Books

'What Are You Doing Here? A Black Woman's Life and Liberation in Heavy Metal'

Photo of Tamar-Kali by Laina Dawes from What Are You Doing Here book.com

Laina Dawes deconstructs a raft of complex, interlinking issues, highlighting how black women must steer an often-perilous course through the metal and punk scenes to find the catharsis and freedom they seek in the genres.


Publisher: Bazillion Points
Author: Laina Dawes
Price: $16.95
Format: Paperback
Length: 224 pages
Book:What Are You Doing Here?: A Black Woman's Life and Liberation in Heavy Metal
Publication date: 2012-12

Laina Dawes's What Are You Doing Here? A Black Woman's Life and Liberation in Heavy Metal is an important and gutsy debut from the Toronto, Canada-based journalist. The book, which follows Dawes's search for identity as a black woman in the metal, punk and hardcore scenes, investigates her "dual-outsider dilemma", in which communities toted as radical, open spaces exhibit the very same "race and gender issues that exist in the outside world." Dawes deconstructs a raft of complex, interlinking issues, highlighting how black women must steer an often-perilous course through the metal and punk scenes to find the catharsis and freedom they seek in the genres.

Part autobiography, part socio-cultural history, Dawes's narrative is fleshed out with interviews with academics and black female musicians and fans who speak about their positive and negative experiences in the metal and punk scenes. Racism, sexism, stereotypical assumptions and inaccurate portrayals are predominant themes throughout. However, black women finding "liberation in metal and hardcore," and expressing their individuality as "active participants in the metal and punk scenes," comprises an overriding arc.

Dawes describes her own search of selfhood in moving terms as she unpacks issues such as alienation, intimidation, and the indifference of metal and punk fans unaffected by intolerance. Her reflections on genres such as the blues, and cultures bound by themes of struggle and resilience, highlight the often-incomplete history of metal and punk. She documents erroneous representations of black women, and issues around sexuality and objectification, in a history of conflict, coercion and a wrestling back of control of their bodies.

Dawes's interweaving anecdotes speak volumes about her strength in seeking her rightful place in the metal scene. But she also speaks candidly of her fragility, and her weariness when encountering entrenched inequalities. Her resolve is tangible, and evident in the challenging nature of What Are You Doing Here?, where many of her arguments are confrontational, welcomingly so.

Her experiences are intensely personal, and her reflections are duly impassioned. The issues she raises are complicated by metal's bloodthirsty and provocative temper, and some metal fans may feel she is making generalizations that conflict with their own open-minded and unprejudiced views. But Dawes doesn't claim to speak for or about all, and the metal community is well aware of its dark side--where resistance to hearing or acknowledging perspectives such as Dawes's substantiates her argument.

Metal is a global, diverse and multicultural medium to which Dawes is adding her distinctive voice and interpretation. Pan-global issues such as racism and sexism, are far too easily shrugged off as isolated and insignificant incidents in the metal world--primarily because the bulk of its audience is white and male. Dawes's raising of such issues, backed by research and firsthand accounts, is crucial in keeping an often-avoided discussion on the boil. Her ability to illustrate the impact of privilege and prejudice upon black women, and the barriers they (and other marginalised ethnicities or sexualities) face in the metal and punk scenes is undeniable.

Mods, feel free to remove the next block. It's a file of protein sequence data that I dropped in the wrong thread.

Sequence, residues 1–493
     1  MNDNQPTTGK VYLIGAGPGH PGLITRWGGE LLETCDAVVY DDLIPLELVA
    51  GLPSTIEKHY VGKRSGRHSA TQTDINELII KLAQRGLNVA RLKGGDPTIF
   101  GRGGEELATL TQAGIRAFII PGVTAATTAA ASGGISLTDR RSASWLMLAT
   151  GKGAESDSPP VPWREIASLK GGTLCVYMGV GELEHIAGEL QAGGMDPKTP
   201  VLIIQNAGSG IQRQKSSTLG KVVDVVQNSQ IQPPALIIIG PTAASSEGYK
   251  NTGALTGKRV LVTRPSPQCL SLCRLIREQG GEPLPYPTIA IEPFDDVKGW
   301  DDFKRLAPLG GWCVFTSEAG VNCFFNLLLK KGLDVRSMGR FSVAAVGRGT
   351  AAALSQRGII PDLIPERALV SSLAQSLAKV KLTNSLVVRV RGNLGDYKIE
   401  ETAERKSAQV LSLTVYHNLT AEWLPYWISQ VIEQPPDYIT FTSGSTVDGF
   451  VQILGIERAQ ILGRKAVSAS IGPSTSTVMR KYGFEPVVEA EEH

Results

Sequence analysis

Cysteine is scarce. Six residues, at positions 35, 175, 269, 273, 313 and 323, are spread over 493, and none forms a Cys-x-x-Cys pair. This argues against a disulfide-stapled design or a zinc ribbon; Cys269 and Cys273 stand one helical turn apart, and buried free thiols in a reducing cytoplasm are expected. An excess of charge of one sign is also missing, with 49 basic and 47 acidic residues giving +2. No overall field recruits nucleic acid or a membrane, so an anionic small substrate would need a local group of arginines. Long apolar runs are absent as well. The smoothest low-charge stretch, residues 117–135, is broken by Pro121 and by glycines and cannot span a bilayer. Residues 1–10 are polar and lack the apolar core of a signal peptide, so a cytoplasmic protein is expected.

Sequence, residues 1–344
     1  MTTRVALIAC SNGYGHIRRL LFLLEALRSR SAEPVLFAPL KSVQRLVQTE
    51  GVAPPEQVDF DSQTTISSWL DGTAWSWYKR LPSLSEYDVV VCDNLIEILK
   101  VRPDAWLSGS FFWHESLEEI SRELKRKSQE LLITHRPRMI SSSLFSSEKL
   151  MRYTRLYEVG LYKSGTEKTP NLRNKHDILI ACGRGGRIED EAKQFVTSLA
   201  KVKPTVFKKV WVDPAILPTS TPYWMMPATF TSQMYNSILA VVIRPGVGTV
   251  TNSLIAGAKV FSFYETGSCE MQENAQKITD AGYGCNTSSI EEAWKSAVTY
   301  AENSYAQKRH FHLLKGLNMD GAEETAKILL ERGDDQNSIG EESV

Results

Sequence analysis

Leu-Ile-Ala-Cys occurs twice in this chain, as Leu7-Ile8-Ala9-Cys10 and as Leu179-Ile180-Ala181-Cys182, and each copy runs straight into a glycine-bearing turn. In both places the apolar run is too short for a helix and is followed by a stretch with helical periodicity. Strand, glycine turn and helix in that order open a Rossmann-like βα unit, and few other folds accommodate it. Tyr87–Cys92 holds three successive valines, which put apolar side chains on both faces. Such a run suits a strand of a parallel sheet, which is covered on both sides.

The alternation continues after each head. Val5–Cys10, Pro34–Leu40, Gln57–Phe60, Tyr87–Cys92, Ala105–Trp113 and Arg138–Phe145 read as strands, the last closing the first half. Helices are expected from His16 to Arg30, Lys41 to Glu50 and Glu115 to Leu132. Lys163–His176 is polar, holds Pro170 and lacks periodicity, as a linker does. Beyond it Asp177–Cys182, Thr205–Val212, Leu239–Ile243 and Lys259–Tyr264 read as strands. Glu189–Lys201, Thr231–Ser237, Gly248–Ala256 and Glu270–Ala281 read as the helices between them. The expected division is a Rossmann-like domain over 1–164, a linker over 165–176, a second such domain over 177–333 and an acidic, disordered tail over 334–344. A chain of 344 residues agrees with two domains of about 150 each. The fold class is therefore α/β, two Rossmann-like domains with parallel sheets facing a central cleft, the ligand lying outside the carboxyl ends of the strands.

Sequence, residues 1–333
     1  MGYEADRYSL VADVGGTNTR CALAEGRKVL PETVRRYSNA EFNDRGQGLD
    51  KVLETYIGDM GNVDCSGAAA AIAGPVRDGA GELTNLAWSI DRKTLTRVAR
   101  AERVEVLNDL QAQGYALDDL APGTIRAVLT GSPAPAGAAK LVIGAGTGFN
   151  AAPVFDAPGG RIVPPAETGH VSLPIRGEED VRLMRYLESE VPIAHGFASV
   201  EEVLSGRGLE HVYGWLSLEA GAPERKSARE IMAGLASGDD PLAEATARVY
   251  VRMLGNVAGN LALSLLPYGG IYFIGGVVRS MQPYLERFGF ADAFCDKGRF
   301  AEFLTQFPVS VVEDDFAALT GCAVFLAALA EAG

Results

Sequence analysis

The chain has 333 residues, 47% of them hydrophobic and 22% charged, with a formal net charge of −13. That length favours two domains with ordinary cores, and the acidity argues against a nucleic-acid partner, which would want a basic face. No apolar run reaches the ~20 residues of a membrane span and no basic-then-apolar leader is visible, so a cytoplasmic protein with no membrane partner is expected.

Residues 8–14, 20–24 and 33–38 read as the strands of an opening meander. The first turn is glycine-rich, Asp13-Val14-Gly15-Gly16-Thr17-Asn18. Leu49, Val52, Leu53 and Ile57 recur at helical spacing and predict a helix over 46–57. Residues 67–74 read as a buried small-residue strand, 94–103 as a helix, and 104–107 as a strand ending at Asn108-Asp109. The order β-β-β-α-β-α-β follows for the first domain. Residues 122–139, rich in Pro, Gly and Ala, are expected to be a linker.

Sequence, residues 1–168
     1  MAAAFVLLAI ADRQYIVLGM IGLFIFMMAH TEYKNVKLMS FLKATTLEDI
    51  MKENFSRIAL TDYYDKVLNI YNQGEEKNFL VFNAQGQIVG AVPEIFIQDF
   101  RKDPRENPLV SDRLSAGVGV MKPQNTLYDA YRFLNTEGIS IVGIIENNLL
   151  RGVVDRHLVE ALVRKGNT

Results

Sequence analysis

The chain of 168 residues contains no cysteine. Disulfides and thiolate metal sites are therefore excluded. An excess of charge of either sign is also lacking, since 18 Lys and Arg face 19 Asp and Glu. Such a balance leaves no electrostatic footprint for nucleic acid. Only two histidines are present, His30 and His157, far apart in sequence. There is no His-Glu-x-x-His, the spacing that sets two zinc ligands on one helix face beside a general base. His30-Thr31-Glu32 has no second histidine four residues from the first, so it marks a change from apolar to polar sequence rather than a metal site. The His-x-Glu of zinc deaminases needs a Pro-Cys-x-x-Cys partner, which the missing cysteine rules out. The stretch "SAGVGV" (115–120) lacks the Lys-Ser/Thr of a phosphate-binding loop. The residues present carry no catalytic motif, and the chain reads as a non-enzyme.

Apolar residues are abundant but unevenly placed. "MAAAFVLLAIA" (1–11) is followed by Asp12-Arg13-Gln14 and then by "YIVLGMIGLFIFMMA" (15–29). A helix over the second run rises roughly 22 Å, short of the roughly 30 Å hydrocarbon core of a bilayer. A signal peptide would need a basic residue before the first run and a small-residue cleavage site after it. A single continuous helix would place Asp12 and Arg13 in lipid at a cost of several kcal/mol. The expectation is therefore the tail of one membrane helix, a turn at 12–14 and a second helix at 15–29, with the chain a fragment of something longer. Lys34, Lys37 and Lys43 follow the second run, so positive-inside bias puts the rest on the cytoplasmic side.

The degree of opposition Dawes has encountered by simply following her love of metal is disturbing. As a means to channel her frustrations, metal has often proven to be frustrating ("Why the hell am I putting myself through this bullshit?" she asks). She has, at times, had to deal with the objections of those closest to her--causing her to conceal her love of raucous noise--and she speaks openly about her complicated relationships with those who have questioned her involvement in the metal and punk scenes.

Still, as much as What Are You Doing Here? draws attention to problems Dawes and her interviewees have faced in the metal and punk communities, it's not a tirade against either. Their varying stories share a common thread, one where the two genres have provided space for them to channel their anger and exasperations. The purgative release and independence of such aggressive music is apparent, and while What Are You Doing Here? may seem like a complicated love story at times, and understandably so, the rewards of metal and punk are reaffirmed time and time again.

What Are You Doing Here? comes with a mass of emotional weight and considered analysis, and Dawes's tenacity in ensuring that the place of black women in the metal community is recognized and valued is palpable and inspiring. What Are You Doing Here? is essential reading for those who have never felt the blow of intolerance, and for those who have felt it far too often. At the heart of the book is a simple message: "As human beings, we have the right to do and be who we are." These are ideals, indecently, that metal and punk have long professed to extol.

Metal and punk don't always respond well to critical analysis, and Dawes's commitment to starting a long-overdue conversation is courageous. What Are You Doing Here? reaches out to black women, offering them support and encouragement, but its themes are universal--it is a potent reminder of the need to confront the inequalities that discourage any and all individuals from participating in whatever music scenes they desire.

7

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